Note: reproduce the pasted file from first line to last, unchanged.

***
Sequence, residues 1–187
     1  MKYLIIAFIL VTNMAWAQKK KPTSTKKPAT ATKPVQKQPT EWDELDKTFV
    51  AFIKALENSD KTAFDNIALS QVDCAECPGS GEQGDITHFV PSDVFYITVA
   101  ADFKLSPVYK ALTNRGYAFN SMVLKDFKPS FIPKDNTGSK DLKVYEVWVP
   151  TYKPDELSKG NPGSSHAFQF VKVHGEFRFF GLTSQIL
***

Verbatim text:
Sequence, residues 1–187
     1  MKYLIIAFIL VTNMAWAQKK KPTSTKKPAT ATKPVQKQPT EWDELDKTFV
    51  AFIKALENSD KTAFDNIALS QVDCAECPGS GEQGDITHFV PSDVFYITVA
   101  ADFKLSPVYK ALTNRGYAFN SMVLKDFKPS FIPKDNTGSK DLKVYEVWVP
   151  TYKPDELSKG NPGSSHAFQF VKVHGEFRFF GLTSQIL